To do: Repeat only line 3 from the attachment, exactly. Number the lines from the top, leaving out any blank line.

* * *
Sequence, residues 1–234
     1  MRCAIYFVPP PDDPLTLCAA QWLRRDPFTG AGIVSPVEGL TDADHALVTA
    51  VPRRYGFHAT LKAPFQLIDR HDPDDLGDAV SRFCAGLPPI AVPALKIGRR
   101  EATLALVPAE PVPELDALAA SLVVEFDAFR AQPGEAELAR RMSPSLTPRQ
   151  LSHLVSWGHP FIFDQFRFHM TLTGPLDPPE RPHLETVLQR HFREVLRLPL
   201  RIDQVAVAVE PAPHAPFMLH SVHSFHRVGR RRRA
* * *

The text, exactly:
    51  VPRRYGFHAT LKAPFQLIDR HDPDDLGDAV SRFCAGLPPI AVPALKIGRR